**Keep in mind that winter blending may throw off the distillate numbers somewhat.
Keep watching Venezuela
The political situation in Venezuela is being watched closely as political protests continue. But the real possibility of revolution in Venezuela still weighs on the markets, even though sanctioning of Venezuelan crude has been put in place.
While sanctioning keeps their crude out of the U.S, it also means that the U.S has to look for other sources of crude oil to replace supplies lost from the South American country.
U.S domestic production is believed to be one real possibility as crude prices or West Texas Intermediate have risen more noticeably than Brent. Brent prices, in the meantime, have risen in recent weeks also, but are probably more influenced by upwards pressure from OPEC Plus (OPEC and non-OPEC producers) cuts that have nnot really taken a full bight of the markets as of yet.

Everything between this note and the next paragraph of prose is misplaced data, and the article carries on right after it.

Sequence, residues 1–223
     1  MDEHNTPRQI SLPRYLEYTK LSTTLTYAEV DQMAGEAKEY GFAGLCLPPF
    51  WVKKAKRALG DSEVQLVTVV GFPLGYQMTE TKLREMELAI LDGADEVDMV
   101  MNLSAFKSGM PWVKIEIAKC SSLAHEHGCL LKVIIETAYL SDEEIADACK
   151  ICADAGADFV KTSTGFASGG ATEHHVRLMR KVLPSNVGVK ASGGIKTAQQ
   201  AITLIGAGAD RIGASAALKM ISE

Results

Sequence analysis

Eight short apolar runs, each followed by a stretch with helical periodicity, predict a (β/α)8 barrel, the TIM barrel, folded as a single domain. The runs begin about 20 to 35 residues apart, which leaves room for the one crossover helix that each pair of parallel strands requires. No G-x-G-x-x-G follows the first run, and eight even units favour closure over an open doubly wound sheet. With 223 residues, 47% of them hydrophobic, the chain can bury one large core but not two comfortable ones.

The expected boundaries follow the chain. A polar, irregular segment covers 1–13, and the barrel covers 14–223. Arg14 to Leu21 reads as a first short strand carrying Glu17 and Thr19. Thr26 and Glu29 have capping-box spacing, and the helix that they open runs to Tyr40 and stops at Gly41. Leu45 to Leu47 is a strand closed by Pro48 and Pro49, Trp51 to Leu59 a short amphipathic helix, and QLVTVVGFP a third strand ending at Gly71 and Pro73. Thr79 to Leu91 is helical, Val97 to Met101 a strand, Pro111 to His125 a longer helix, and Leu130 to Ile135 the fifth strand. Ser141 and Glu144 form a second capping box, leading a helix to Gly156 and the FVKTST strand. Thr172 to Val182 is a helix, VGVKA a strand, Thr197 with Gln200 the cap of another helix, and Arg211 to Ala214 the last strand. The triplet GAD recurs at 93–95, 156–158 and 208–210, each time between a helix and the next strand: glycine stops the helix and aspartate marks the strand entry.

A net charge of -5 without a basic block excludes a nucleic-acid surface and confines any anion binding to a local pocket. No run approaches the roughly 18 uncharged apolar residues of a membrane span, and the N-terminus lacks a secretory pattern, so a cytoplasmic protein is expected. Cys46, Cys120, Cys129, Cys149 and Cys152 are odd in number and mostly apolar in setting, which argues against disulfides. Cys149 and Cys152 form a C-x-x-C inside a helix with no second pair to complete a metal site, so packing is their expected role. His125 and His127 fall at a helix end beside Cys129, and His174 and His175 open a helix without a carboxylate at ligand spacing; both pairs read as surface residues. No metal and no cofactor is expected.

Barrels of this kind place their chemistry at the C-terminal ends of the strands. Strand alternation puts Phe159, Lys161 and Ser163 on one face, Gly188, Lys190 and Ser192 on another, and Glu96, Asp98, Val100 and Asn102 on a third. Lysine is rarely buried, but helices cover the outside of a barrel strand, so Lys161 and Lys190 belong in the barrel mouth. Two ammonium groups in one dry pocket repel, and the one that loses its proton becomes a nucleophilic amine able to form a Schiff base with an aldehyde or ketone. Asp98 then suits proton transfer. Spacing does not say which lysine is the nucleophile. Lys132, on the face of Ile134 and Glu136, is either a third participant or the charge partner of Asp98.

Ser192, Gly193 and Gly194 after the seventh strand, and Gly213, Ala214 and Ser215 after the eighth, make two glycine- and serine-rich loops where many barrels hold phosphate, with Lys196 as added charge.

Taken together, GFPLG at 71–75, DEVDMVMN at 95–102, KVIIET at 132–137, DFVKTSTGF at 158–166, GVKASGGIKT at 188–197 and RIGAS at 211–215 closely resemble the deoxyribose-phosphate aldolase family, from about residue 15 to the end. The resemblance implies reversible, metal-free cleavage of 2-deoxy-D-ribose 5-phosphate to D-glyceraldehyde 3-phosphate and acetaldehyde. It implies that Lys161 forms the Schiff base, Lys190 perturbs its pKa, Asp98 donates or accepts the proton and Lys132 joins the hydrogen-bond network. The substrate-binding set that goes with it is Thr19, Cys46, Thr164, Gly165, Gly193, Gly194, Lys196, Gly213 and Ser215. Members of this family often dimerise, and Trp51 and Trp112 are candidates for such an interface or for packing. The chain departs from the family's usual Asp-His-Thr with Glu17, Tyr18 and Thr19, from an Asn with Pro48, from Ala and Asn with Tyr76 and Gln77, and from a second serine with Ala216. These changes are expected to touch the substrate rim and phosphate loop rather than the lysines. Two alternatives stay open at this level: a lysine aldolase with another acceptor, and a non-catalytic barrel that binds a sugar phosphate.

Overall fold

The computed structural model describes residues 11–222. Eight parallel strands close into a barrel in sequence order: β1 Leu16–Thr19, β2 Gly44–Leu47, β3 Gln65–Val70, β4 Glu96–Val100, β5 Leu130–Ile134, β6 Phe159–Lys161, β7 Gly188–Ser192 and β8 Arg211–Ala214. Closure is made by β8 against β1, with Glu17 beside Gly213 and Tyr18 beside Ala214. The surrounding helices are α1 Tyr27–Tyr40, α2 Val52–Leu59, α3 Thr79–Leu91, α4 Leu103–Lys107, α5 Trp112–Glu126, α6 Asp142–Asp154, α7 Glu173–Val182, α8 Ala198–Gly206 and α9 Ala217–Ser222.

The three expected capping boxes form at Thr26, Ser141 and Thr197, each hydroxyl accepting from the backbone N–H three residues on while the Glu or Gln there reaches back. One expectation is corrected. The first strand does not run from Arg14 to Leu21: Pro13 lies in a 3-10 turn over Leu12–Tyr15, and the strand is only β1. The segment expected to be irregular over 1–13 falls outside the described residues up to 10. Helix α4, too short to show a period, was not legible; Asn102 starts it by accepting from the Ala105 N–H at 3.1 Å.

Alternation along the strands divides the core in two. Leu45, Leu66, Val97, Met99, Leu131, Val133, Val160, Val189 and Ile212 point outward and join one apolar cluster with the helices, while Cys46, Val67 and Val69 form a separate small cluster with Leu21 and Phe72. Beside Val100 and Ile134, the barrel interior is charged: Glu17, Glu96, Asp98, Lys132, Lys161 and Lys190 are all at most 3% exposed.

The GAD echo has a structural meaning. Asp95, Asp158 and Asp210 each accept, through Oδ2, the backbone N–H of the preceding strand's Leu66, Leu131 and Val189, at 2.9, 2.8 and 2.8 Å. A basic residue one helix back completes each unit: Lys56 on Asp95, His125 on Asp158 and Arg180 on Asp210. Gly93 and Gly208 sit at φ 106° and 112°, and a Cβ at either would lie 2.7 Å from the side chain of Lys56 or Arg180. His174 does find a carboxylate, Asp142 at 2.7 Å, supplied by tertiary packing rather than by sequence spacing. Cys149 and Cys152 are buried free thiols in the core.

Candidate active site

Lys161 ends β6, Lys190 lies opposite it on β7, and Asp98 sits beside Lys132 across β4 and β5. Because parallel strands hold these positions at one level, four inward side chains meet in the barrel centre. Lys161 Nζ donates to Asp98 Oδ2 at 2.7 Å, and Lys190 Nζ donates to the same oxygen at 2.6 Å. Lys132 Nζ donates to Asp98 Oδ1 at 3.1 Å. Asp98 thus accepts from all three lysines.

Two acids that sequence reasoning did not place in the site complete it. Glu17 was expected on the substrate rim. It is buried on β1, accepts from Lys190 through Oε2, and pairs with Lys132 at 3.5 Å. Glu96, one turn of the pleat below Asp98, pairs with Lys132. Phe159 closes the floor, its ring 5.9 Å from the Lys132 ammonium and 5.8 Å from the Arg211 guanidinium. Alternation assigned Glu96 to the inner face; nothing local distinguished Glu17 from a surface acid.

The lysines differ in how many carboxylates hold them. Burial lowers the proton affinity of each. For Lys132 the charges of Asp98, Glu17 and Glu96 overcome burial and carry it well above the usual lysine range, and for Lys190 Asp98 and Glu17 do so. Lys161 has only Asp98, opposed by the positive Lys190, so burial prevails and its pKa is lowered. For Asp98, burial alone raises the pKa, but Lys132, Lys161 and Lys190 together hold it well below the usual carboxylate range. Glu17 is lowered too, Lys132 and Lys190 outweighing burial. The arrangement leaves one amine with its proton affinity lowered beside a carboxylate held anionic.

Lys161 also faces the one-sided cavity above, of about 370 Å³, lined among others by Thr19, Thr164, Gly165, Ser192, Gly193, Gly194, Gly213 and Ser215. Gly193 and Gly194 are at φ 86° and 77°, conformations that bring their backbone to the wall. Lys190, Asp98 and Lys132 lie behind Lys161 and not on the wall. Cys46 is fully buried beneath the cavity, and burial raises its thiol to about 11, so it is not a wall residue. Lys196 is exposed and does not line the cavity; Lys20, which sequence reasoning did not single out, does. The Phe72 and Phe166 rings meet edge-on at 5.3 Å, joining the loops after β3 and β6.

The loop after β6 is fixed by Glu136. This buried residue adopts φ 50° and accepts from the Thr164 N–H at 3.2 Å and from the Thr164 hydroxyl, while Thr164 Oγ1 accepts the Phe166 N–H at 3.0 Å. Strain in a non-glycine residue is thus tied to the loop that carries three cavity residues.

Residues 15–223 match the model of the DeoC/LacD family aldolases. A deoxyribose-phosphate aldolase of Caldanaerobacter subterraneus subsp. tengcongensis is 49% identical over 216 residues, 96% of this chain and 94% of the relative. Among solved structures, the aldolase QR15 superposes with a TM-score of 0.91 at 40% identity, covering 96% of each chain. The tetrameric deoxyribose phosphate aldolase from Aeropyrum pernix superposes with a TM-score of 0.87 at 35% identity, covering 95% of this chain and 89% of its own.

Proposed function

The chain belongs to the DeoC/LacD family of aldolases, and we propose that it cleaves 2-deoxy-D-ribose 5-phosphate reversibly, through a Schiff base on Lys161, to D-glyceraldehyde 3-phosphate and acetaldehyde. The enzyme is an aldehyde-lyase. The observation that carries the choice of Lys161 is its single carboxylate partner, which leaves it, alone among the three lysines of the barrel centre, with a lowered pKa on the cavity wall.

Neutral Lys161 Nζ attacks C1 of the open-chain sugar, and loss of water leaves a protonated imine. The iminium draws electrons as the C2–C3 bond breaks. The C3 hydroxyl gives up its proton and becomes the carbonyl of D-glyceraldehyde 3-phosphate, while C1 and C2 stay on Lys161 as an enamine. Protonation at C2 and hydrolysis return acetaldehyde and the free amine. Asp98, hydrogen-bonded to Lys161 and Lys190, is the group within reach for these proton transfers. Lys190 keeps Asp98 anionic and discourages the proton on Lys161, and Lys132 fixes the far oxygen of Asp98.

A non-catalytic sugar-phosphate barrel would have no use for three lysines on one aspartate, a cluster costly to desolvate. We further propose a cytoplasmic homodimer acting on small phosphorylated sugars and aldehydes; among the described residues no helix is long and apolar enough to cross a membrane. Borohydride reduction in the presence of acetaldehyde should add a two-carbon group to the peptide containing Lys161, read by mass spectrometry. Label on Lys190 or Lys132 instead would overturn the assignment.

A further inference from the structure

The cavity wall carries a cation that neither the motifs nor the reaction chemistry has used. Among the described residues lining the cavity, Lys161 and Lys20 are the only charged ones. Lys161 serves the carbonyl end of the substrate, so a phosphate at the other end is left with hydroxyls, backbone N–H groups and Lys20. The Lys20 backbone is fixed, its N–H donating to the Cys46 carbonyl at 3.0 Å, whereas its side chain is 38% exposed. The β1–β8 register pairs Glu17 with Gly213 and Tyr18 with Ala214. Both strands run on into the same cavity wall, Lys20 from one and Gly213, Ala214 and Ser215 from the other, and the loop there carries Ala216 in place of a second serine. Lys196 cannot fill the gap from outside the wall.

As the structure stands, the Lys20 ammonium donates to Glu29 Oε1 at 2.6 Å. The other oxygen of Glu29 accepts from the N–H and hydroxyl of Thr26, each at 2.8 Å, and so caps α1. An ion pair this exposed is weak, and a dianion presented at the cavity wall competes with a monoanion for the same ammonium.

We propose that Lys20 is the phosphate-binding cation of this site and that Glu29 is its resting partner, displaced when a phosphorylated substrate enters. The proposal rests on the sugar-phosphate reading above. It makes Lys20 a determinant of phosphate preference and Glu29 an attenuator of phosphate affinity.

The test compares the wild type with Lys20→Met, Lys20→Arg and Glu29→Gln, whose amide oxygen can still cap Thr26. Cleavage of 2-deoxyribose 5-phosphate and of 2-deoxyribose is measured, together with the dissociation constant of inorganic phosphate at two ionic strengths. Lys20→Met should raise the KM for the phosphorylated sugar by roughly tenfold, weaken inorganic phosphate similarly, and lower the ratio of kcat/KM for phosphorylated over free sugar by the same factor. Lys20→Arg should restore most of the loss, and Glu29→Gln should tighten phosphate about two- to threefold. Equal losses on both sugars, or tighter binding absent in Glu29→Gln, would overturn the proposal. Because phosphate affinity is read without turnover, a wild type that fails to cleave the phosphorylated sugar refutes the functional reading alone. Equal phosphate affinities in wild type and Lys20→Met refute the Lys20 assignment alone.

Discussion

What’s holding oil back?
With all the word on a possible drop in exports from Venezuela, it’s the weight of disturbing economic news that also permeates the markets.
Economic growth just about stagnated in the Eurozone during January month, sending ripples through the markets and signifying that all may not be well with projected demand that would help bolster prices.
It was a slowdown in the Chinese economy last month, but any signals from Europe would only bolster the thought that any slowdown is underway.
Electric vehicles to impact oil?
I remember a number of years ago, King Fahd I think it was, said that the Kingdom had fifty years more to sell oil and make whatever it could from the riches it had been given.
His prophecy may come true.
With a caveat about rare earth minerals, the Bank of America has stated that the advent of the electric vehicle will kill overall demand growth for crude oil by the year 2030.